The Stay Sharp Substance Abuse Program: This program is a Coping skills technique program, along with motivational interviewing, drug education and a relapse prevention. The program’s anagram, Stay Sharp is its organizing principle: S= Striving for Engagement
H= How I get there
A= Abuse or Addiction
R= Ready to Change
P= Planning for the Future
Thinking For A Change: Treatment Program that addresses criminal thinking errors through cognitive-behavioral skills training; social skills training; and problem solving skills training. The students learn and appreciate that cognitive restructuring does require some cognitive skill methods as does cognitive skills require an objective, systematic approach to identifying thinking, beliefs, attitudes and values. Thinking Reports are a core part of this program that arte used as homework assignments.
VOICES: Voices is a female specific program of self discovery and empowerment. It encourages girls to seek and celebrate their “true selves” by giving them a safe space, encouragement, structure, and support to embrace their important journey of self discovery. The focus is on issues that are important in the lives of adolescent girls from modules about self and connection with others to exploring health living and the journey ahead. The curriculum uses a variety of therapeutic approaches, including psycho-educational, cognitive-behavioral, expressive arts and relational theory.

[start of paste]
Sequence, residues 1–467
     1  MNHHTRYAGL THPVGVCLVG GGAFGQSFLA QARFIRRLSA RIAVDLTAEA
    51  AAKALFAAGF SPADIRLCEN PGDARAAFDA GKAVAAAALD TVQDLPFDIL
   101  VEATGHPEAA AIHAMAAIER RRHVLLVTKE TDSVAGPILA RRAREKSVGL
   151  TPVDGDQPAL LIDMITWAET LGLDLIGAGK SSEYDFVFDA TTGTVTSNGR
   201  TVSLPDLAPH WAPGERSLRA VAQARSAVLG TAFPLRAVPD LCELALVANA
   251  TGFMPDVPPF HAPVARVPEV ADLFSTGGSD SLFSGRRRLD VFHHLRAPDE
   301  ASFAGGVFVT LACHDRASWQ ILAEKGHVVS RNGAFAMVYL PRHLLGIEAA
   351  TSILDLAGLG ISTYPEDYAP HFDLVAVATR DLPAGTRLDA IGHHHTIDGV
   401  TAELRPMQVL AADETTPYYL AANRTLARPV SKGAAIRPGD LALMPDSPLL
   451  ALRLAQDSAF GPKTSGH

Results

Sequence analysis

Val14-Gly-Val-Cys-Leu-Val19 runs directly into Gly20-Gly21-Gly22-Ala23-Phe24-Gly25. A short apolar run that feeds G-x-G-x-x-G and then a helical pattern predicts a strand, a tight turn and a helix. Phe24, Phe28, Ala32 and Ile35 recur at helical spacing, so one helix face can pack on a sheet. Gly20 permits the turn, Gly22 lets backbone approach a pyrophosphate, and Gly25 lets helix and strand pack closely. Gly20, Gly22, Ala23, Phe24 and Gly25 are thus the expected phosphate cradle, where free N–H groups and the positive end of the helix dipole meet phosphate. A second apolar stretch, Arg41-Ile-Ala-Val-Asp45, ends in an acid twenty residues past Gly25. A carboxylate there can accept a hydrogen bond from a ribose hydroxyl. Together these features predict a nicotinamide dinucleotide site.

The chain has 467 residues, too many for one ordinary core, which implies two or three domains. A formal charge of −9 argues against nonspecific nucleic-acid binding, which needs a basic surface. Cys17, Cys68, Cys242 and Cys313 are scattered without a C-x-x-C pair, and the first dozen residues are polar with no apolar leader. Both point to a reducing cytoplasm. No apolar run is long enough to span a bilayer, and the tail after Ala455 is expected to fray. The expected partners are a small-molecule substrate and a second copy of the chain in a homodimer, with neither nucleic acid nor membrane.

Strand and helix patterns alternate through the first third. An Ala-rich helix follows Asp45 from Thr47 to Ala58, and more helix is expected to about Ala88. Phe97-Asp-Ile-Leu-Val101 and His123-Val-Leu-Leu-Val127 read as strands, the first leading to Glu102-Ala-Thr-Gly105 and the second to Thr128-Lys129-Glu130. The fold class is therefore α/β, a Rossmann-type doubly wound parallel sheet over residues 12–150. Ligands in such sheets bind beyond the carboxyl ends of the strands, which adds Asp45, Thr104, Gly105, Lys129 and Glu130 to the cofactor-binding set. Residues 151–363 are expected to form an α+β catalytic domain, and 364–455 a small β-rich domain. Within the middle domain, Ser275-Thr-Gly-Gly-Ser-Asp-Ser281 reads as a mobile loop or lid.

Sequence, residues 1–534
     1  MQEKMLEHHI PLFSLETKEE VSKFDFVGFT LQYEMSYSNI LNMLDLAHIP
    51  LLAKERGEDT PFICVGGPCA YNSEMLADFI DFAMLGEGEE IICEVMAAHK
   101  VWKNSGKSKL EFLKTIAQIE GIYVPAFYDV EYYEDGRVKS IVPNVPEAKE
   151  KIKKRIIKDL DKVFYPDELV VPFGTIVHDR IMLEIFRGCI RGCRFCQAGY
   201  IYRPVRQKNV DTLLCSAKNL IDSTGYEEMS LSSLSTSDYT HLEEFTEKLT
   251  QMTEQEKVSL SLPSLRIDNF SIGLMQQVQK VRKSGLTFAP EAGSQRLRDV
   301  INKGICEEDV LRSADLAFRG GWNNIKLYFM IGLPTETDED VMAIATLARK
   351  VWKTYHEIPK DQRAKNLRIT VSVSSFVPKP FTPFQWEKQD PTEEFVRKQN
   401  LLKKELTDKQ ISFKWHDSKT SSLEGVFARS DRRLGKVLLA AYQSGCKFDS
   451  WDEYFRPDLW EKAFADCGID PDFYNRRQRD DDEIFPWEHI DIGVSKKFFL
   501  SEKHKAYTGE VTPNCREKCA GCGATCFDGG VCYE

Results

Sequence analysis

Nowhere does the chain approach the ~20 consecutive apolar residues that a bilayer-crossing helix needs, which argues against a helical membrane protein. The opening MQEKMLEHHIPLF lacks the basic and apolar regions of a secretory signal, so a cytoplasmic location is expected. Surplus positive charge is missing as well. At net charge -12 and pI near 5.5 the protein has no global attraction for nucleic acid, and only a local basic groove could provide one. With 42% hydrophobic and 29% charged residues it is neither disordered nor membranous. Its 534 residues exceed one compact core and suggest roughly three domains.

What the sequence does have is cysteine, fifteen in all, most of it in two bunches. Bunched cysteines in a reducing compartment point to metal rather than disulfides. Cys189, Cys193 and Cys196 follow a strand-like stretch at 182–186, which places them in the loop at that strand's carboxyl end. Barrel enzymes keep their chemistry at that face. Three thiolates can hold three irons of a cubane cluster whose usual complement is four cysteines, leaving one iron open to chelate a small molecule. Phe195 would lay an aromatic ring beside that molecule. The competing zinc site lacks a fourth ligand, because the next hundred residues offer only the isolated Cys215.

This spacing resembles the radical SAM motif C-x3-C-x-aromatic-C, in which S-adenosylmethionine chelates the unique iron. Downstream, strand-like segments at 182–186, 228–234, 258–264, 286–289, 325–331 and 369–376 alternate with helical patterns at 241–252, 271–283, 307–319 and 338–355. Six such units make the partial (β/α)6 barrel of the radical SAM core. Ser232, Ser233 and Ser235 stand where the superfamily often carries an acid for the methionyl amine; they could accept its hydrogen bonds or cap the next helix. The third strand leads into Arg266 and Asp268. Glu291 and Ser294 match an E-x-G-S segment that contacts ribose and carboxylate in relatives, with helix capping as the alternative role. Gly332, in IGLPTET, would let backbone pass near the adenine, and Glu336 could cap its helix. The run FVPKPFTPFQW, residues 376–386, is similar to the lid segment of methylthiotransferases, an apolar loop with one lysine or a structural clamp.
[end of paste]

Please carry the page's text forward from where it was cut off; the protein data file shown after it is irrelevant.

Why Try: Students learn ten visual metaphors, such as the Reality Ride, Tearing off Labels, Defense Mechanisms, etc. These metaphors teach and help students explore new social skills and coping skills techniques to break old behavior patterns and to achieve opportunity, freedom, and self respect in their lives. Students complete assignments that involve writing, art, music, and physical activities to practice their skills. Students then learn how to apply the skills to their criminogenic needs, their high risk factors, and their life upon release.
You Can See Over The Wall: this is the final metaphor in the Why Try program. Students are enrolled in this once they complete the Why Try core program. This metaphor summarizes the rest of the program and assists students in pulling together what they have learned. Students re-visit skills learned and explore them more deeply. Students also ware expected to show how they are applying the skills from Why Try in order to develop healthy, pro-social habits of thinking, feeling, believing and behaving. Students also begin to practice making re-entry plans to change their lifestyle ad address the triggers in each of their needs that will lead them back to negative patterns.